In Phase Five (a), children will learn new graphemes for reading, for example ay as in ‘hay’ and oy as in ‘boy’. In this phase, they will also be introduced to split digraphs, such as the a-e in pane. This phase provides further practice in the reading and spelling of additional common exception words.

 

In Year 1, Term 4, our children begin their Phase Five (b) learning. In this phase, the children are taught alternative pronunciations of known graphemes, for example y as in ‘by’ and ‘gym’. This phase provides further practice in the reading and spelling of additional common exception words.

 

In Year 1, Term 5, our children begin their Phase Five (c) learning. In this phase, the focus is on the alternative spelling of phonemes, for example /ch/ as in picture.

 

In Year 2, Term 1, the children will revise Phase Five (a) and focus on Phase Five (b) mastery. In Term 2 they will complete Phase Five (c) mastery.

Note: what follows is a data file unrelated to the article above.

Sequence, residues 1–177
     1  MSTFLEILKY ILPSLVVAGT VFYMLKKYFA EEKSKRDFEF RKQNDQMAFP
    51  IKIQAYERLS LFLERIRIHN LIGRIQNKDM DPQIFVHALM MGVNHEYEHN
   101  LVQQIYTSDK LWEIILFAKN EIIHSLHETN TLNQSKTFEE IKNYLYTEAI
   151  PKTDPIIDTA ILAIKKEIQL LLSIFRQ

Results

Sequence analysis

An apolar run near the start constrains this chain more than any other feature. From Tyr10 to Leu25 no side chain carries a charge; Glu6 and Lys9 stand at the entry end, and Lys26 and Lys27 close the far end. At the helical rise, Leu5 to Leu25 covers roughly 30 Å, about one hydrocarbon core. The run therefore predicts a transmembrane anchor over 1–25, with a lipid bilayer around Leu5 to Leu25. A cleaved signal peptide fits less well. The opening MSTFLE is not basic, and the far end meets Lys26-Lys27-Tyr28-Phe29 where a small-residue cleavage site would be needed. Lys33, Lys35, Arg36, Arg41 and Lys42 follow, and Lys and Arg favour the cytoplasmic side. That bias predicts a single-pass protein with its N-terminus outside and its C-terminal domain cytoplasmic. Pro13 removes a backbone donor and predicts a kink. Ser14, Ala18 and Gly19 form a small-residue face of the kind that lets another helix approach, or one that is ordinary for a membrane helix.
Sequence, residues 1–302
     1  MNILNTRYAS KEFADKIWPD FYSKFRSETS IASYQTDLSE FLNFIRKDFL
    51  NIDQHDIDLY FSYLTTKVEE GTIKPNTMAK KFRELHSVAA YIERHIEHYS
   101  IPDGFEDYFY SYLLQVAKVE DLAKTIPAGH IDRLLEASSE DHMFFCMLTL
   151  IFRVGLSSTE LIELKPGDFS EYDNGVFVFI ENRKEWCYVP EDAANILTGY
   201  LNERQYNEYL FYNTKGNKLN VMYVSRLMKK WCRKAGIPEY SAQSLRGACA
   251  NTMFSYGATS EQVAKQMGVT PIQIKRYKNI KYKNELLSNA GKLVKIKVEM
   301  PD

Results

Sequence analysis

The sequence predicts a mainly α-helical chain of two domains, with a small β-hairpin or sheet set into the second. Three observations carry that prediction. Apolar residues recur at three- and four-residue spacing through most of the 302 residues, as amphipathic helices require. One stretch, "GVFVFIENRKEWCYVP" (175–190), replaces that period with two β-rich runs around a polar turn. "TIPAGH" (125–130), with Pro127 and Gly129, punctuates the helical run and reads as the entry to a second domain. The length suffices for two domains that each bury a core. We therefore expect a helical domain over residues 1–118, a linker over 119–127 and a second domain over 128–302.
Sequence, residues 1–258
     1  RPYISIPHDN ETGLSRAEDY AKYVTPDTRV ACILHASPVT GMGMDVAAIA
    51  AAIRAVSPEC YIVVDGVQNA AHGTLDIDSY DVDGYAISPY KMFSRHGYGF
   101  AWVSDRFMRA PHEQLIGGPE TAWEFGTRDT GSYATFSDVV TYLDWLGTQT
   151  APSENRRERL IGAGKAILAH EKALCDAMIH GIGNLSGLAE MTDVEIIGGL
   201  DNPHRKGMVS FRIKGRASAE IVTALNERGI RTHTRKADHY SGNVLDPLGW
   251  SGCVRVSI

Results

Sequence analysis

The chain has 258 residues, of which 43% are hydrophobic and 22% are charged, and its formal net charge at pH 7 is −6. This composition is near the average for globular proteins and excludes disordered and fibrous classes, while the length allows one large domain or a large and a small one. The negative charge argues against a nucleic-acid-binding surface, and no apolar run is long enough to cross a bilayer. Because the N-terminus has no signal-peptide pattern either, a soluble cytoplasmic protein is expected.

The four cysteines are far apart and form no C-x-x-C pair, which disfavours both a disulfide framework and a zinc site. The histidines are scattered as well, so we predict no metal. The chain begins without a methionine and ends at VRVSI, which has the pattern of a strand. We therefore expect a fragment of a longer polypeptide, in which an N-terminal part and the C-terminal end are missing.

By the beginning of Phase Six (in Year 2, Term 3) the children will move onto learning spelling as per the National Curriculum Requirements. By this point our children should know most of the common grapheme-phoneme correspondences. They should by this point be able to read hundreds of words, doing so in three ways:

 

  • Reading the words automatically if they are very familiar
  • Decoding them quickly and silently (as their sounding and blending routine is well established)
  • Decoding the words aloud

 

It is during Phase Six that many of our children become fluent readers and they will start to read longer and less familiar texts with independence. The shift from learning to read to reading to learn is taking place.

 

We recognise that for some less fluent and less confident readers, their recognition of graphemes consisting of two or more letters is often not automatic enough at this point. We understand that the necessity for complete familiarity is essential and put into place interventions to support them with this. These children will also benefit from rereading shorter texts several times in order to experience what fluent reading feels like.

 

Phase Six also focuses heavily on the teaching of spelling, with a particular focus on: forming the past tense, adding suffixes and the application of spelling in writing.